If jet streams are weak enough and a tropical storm floats north, the wild card that dictates its path forward is the Bermuda High, an offshore merry-go-round of air that can snag storms propelled from Africa and send them clockwise: west across the Bermuda Triangle, and up the United States coast.
When Hurricane Dorian slammed into the Bahamas in September, it not only leveled entire communities and killed dozens of people, it also destroyed about 30 percent of the coral reefs around the islands, according to a report issued Friday by the Perry Institute for Marine Science.
Scientists say the long game for the Bahamas is very uncertain, just as the certainty grows linking climate change and a greater frequency of strong hurricanes. Science correspondent Miles O'Brien reports.
When the time comes to assess the environmental damage from Hurricane Dorian, one species may be extinct, but it's not Dorian's fault.
President Trump's lies to corroborate his false claim that Hurricane Dorian would hit Alabama caused a destructive gale of its own. With this attack on science, Trump ripped at a thread of our nation's social fabric—the weather.
Local weather is beyond dispute<p>At a local level, the weather also offers us something increasingly rare in America: a shared sense of indisputability. No matter what our political leaning, we thankfully still agree about whether it is sunny or hailing. A Democrat can't be applying sunscreen and mosquito repellant for a heat wave standing next to a Republican bundling up with a parka for a polar vortex.</p><p>We need all the indisputability our government can offer as climate change brings us more intense hurricanes. Most people know weather forecasting is a complex, science-based endeavor, and we all count on its being as accurate as possible. Millions of Americans hang on every word and graphic to make life and death storm preparations.</p><p>This of course escapes Trump. Even before Hurricane Dorian, Trump displayed his disinterest in accuracy with repeated proposals for major <a href="https://www.aip.org/fyi/2019/fy20-budget-request-national-oceanic-and-atmospheric-administration" target="_blank">cuts</a> to the National Weather Service. Congress thus far has ignored those cuts.</p><p>Dorian brought out the worst of this disinterest. The man who has sowed fathomless division with his more than 12,000 falsehoods <a href="https://beta.washingtonpost.com/politics/2019/08/12/president-trump-has-made-false-or-misleading-claims-over-days/" target="_blank">as counted</a> by the Washington Post, gave the nation his now infamous fake Alabama alert and altered map. Worse, rather than own up to his mistake, Trump set off a shameful chain reaction of bullying.</p>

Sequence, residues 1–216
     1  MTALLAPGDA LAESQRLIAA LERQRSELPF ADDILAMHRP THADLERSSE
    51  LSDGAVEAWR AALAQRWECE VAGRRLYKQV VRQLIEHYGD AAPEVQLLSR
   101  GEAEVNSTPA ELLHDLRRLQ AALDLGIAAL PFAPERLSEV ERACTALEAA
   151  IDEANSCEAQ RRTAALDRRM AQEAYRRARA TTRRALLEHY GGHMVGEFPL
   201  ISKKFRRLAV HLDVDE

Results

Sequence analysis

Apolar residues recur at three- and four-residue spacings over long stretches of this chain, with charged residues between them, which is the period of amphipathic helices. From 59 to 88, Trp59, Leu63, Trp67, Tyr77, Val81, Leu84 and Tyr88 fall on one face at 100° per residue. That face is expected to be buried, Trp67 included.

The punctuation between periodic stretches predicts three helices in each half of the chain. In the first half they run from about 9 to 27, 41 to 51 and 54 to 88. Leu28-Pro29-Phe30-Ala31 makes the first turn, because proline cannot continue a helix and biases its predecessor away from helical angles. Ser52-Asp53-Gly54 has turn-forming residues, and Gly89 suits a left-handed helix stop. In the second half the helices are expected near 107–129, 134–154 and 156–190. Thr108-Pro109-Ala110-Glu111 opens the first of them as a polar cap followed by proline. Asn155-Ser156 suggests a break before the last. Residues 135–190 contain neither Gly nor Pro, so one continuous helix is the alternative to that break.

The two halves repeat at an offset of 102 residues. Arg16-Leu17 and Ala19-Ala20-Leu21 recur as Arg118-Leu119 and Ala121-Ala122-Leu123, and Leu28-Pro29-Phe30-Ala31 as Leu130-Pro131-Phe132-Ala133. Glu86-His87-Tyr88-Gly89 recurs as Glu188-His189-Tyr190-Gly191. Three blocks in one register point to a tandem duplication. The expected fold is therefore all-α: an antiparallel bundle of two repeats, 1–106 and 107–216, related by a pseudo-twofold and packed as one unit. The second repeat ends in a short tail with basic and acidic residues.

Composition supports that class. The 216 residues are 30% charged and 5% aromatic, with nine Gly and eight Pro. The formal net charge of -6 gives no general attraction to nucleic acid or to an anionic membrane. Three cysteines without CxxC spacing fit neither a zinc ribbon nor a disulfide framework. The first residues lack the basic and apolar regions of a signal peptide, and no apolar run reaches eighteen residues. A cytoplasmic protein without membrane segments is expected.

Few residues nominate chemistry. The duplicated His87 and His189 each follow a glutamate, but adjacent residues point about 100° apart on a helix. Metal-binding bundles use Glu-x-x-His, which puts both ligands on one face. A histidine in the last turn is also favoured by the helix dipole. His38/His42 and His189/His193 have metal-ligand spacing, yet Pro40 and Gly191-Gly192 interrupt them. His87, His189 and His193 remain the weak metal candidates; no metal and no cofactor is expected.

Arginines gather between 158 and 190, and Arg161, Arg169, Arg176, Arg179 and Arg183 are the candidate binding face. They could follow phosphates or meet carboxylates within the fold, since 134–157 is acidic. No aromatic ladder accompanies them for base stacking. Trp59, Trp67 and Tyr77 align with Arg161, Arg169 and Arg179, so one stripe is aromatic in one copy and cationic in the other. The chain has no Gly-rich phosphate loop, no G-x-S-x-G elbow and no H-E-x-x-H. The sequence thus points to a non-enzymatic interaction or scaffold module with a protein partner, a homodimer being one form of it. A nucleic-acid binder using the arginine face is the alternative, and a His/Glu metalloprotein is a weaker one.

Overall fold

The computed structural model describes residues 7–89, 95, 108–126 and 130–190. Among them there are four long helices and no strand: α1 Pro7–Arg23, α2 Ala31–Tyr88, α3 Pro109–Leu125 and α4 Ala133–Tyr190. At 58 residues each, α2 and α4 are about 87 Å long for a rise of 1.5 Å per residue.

Unprecedented information<img lazy-loadable="true" src="https://assets.rebelmouse.io/eyJhbGciOiJIUzI1NiIsInR5cCI6IkpXVCJ9.eyJpbWFnZSI6Imh0dHBzOi8vYXNzZXRzLnJibC5tcy8yMTExMTUyOS9vcmlnaW4uanBnIiwiZXhwaXJlc19hdCI6MTYyMTgxNDk4N30.EcOgxILDGOoKVK5srB5wpYUcHKHo1XxQuAB9ti0QJKE/img.jpg?width=980" id="976de" class="rm-shortcode" data-rm-shortcode-id="5129e9501d50d114862c0284cd2478b3" data-rm-shortcode-name="rebelmouse-image" />
Credit: The White House<p>Trump reportedly ordered acting Chief of Staff Mick Mulvaney to order Secretary of Commerce Wilbur Ross to do something about that pesky National Weather Service office in Birmingham, Alabama that dared to contradict him by saying Dorian <a href="https://www.businessinsider.com/timeline-trumps-false-claim-that-hurricane-dorian-could-hit-alabama-2019-9#sunday-sept-1-3" target="_blank">would not hit Alabama.</a></p><p>Ross responded by <a href="https://www.nytimes.com/2019/09/09/climate/hurricane-dorian-trump-tweet.html" target="_blank">reportedly threatening</a> to fire top officials at the National Oceanic and Atmospheric Administration, which runs the National Weather Service. A cowed NOAA leadership <a href="https://www.washingtonpost.com/weather/2019/09/11/lawmakers-commerce-department-launch-investigations-into-noaas-decision-back-presidents-trump-over-forecasters/" target="_blank">disavowed</a> the forecast from the Birmingham office.</p><p>That hideous reversal <a href="https://blog.ucsusa.org/michael-halpern/former-noaa-officials-file-scientific-integrity-complaint-over-trump-attacks-on-weather-forecasters?_ga=2.13875639.1877582937.1568129682-261021692.1565969924" target="_blank">sparked outrage</a> from former NOAA officials. A disillusioned NOAA meteorologist told the Washington Post, "This is the first time I've felt pressure from above to not say what truly is the forecast. It's hard for me to wrap my head around. One of the things we train on is to dispel inaccurate rumors and ultimately that is what was occurring."</p><p>Years of inaccurate rumors spread by climate change deniers in high places have already succeeded in confusing and dividing Americans on the long-term causes of the extreme heat, sea level rise, wildfires, and intense storms we are already experiencing.</p>